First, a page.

Dalvin Brown, USA TODAY
Published 8:18 a.m. ET Aug. 6, 2020 | Updated 8:31 a.m. ET Aug. 7, 2020
The FDA has expanded its list of hand sanitizer products to avoid because they may contain toxic methanol.
People are getting sick and dying after drinking hand sanitizer.
The Centers for Disease Control and Prevention published a report Wednesday saying that four people have died and nearly a dozen others have suffered health complications after swallowing alcohol-based hand sanitizers in recent months.
From May through June 30, there were 15 cases of methanol poisoning reported in Arizona and New Mexico, and each was associated with people drinking hand sanitizer, the agency said. The CDC says hand sanitizers should contain ethanol or isopropanol as active ingredients, but some products imported from other countries contain methanol, which is “not an acceptable ingredient.”
The ages of the patients ranged from 21 to 65, and 13 of them were men, the agency said. Among the four patients who died, three had seizures when they arrived at the hospital. Three other patients were discharged with vision loss.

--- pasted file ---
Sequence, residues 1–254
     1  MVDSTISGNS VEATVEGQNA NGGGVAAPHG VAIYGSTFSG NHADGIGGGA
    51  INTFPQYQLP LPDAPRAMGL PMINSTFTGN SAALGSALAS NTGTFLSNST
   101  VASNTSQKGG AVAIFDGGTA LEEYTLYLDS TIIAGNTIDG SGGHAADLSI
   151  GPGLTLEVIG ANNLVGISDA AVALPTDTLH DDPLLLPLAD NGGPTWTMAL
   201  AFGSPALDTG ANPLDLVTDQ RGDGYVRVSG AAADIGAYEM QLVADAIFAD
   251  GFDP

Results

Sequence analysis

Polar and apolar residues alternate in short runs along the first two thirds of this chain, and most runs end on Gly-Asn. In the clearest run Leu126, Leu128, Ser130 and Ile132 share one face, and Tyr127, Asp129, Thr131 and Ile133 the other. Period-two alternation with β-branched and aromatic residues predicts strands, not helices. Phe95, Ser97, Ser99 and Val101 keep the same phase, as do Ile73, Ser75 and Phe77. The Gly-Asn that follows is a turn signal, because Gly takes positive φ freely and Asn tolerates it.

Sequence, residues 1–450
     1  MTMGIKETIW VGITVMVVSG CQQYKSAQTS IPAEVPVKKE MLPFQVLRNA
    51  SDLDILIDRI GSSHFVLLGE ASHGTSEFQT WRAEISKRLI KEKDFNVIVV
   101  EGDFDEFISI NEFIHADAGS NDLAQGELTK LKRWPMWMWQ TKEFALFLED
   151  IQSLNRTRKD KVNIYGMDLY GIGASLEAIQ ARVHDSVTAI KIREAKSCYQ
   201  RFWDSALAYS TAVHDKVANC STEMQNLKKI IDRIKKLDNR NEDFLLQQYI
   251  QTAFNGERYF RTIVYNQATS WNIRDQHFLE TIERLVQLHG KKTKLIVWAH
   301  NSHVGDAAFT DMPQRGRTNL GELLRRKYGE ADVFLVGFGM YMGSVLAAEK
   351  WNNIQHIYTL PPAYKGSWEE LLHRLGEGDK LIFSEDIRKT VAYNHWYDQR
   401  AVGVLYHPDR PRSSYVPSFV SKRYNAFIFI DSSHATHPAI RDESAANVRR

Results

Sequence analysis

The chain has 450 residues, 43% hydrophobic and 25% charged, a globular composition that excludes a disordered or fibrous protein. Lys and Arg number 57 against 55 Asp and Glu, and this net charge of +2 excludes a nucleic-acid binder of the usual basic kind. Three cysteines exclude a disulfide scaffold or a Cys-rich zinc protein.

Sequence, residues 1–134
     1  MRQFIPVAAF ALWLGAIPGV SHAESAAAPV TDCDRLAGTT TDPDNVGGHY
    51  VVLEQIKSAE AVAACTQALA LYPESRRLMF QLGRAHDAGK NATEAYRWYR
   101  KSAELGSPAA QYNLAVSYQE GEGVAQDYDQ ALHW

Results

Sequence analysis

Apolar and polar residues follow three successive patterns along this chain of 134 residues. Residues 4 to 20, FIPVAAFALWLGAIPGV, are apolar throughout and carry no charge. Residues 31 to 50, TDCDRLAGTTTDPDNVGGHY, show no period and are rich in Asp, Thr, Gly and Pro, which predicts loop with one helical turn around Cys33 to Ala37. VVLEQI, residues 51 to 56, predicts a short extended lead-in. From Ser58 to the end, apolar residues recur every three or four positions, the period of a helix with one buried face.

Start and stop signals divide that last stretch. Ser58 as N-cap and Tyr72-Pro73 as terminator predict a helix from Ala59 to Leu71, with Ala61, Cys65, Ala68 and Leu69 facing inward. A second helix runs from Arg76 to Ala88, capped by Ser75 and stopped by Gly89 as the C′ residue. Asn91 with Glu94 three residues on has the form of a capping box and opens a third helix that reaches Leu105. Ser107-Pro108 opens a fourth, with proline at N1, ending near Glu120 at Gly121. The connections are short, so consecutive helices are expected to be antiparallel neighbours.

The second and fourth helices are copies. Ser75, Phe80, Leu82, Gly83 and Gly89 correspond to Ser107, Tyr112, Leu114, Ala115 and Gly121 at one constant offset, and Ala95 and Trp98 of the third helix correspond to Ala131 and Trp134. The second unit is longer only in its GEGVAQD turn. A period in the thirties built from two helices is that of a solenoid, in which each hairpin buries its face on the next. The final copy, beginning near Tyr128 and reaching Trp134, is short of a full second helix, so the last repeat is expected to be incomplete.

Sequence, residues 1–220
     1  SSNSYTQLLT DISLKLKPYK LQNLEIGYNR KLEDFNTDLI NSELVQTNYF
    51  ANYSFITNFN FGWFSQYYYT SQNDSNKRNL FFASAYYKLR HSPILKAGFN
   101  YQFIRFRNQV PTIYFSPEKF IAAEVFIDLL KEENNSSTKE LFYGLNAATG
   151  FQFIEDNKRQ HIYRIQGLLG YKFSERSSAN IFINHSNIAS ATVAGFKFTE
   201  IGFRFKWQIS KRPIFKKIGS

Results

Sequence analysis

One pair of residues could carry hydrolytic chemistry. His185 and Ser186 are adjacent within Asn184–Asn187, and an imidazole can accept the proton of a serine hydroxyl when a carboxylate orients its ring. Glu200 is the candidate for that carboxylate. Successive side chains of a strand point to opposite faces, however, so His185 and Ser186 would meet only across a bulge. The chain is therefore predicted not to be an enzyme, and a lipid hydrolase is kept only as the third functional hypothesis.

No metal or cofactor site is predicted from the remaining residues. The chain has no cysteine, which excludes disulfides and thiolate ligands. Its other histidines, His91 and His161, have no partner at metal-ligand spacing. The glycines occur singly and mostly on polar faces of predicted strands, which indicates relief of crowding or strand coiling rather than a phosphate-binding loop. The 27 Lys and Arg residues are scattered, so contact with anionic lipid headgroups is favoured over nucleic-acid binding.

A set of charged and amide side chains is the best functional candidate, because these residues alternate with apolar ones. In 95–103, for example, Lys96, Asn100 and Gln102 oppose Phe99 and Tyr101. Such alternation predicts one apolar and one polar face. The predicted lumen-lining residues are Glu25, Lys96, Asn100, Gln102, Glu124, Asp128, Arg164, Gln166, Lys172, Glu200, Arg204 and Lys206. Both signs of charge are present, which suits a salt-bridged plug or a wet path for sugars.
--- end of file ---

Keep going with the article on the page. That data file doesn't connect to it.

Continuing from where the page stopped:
“This investigation highlights the serious adverse health events, including death, that can occur after ingesting alcohol-based hand sanitizer products containing methanol,” the report said.
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The FDA has maintained a list of hand sanitizers to avoid, in part due to methanol content.
The CDC says washing and disinfecting your hands is an effective way to combat the spread of COVID-19. Ingesting hand sanitizer is not. It remains unclear why the people in question were drinking hand sanitizer, though the CDC says some people drink it for its alcohol content.
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The documented incidents occurred after President Donald Trump suggested during an April White House coronavirus briefing that disinfectant might be a good treatment option.
“I see the disinfectant that knocks it out in a minute, one minute,” Trump said.
The CDC and disinfectant maker Lysol struck down the president’s suggestion soon after the statement was made.
“We must be clear that under no circumstance should our disinfectant products be administered into the human body (through injection, ingestion or any other route),” Lysol said in a statement.
Follow Dalvin Brown on Twitter: @Dalvin_Brown.
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